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1 September 2011 Ubiquitin, Ubiquitination, and Proteasomal Degradation in the Eukaryotic Cell: A Review
Garner Soltes, Eric Muller, Teresa G. D'Aversa
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Abstract

Ubiquitin is a conserved eukaryotic protein essential to cellular survival. Although it contributes to various cellular processes including vesicular trafficking and signal transduction, it is primarily known for its role in protein homeostasis. Specifically, ubiquitin serves as a tag placed on unneeded cellular proteins that targets them for proteasomal degradation. After transcription and post-translational modification, ubiquitin monomers may become activated and conjugated to target proteins through the E1/E2/E3 enzymatic pathway. Multiple additional conjugations of ubiquitin monomers results in the creation of polyubiquitin chains, which signals the protein for degradation in the 26S proteasome. Here a review of this process, along with a number of ubiquitin's other roles, is presented.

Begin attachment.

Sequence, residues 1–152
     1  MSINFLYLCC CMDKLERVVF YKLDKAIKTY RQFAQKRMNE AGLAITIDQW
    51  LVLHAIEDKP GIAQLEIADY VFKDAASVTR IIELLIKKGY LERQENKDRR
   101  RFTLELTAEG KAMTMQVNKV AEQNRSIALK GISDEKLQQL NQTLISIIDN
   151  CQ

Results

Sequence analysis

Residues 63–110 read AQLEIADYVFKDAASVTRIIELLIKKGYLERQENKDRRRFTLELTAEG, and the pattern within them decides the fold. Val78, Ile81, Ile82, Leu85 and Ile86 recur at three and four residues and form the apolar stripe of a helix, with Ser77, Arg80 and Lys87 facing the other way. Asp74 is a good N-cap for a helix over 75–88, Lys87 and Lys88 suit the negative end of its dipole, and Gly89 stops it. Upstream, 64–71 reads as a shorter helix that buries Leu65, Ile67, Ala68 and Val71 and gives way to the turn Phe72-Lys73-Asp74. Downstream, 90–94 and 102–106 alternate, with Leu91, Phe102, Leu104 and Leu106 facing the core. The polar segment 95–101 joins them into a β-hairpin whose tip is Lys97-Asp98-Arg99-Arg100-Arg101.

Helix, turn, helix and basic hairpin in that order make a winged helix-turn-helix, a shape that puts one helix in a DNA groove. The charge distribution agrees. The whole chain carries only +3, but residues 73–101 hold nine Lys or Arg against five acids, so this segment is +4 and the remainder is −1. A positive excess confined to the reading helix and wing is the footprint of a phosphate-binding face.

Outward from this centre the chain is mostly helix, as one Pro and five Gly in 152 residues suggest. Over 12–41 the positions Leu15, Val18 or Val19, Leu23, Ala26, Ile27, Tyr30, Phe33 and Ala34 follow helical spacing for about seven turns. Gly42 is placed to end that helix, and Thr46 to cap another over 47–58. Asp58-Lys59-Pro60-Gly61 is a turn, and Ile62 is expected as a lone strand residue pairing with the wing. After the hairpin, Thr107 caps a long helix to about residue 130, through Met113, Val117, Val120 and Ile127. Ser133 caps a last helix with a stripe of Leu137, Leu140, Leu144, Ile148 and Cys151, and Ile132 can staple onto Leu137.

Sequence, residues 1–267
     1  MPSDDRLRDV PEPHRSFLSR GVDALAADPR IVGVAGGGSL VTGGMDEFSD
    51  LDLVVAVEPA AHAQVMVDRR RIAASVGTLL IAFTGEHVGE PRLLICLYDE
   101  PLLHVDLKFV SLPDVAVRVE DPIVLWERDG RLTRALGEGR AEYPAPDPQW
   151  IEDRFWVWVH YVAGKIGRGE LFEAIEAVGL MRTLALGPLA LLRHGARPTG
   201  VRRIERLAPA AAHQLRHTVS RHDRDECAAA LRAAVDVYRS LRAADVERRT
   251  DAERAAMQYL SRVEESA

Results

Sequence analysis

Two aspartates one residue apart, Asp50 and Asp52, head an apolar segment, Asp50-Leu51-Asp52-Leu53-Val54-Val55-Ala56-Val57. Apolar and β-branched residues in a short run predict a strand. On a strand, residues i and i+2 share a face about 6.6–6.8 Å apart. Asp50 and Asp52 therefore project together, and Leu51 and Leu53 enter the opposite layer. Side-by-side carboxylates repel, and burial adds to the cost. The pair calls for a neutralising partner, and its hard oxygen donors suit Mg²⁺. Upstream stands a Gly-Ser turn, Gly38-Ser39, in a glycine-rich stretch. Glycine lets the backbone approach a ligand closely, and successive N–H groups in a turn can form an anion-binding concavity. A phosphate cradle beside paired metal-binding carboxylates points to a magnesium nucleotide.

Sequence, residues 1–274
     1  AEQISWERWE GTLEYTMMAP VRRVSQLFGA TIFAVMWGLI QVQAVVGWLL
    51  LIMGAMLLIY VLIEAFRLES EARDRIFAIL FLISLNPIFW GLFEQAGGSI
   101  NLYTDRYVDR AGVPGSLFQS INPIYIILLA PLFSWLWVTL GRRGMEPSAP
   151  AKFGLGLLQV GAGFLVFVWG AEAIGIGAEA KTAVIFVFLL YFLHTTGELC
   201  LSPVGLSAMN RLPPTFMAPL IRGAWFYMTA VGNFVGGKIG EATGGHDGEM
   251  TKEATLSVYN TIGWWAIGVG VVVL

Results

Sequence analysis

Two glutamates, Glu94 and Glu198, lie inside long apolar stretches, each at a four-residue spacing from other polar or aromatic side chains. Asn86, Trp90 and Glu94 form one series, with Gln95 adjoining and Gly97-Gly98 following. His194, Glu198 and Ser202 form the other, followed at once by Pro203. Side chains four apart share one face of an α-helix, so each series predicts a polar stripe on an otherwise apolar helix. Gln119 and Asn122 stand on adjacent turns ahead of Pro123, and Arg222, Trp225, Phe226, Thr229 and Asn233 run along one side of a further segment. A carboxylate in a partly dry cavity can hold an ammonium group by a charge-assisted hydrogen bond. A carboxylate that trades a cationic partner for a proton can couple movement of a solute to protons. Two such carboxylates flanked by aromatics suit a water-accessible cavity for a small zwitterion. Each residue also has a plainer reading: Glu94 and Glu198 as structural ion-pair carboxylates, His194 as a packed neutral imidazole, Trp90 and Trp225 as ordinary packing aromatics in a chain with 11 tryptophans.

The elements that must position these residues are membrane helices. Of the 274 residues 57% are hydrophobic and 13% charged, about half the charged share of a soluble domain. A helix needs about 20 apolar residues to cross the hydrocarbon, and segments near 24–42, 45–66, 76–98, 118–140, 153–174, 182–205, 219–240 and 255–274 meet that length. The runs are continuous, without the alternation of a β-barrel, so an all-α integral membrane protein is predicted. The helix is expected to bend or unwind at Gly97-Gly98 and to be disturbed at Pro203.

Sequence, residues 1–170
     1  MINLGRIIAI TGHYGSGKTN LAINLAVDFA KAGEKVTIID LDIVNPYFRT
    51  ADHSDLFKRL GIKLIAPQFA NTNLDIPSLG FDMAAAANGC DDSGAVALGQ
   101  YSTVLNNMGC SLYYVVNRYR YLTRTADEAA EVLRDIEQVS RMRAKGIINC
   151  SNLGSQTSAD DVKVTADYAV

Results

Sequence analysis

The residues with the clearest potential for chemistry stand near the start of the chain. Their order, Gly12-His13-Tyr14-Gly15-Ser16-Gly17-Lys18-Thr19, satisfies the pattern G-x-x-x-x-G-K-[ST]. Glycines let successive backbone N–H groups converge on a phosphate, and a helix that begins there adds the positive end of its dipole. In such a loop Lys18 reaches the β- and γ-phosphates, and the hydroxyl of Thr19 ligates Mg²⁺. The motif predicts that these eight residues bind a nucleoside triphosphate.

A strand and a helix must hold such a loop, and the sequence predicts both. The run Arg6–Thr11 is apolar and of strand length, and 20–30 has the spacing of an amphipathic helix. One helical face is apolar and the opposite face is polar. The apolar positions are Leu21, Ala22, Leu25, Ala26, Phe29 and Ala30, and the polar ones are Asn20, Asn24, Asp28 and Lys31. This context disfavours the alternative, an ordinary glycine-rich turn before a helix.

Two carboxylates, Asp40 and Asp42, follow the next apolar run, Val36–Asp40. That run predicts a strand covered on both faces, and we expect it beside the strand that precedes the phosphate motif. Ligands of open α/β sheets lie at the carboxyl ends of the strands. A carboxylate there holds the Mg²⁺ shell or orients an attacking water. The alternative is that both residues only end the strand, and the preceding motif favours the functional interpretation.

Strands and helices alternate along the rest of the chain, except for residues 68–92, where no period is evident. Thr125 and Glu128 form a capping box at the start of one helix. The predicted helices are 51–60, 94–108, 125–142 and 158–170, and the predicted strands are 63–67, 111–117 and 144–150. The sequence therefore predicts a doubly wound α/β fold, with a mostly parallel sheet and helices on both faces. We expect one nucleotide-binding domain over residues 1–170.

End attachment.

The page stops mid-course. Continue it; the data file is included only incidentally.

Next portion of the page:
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Garner Soltes, Eric Muller, and Teresa G. D'Aversa "Ubiquitin, Ubiquitination, and Proteasomal Degradation in the Eukaryotic Cell: A Review," BIOS 82(3), 64-71, (1 September 2011). https://doi.org/10.1893/011.082.0303
Received: 14 May 2010; Accepted: 1 March 2011; Published: 1 September 2011
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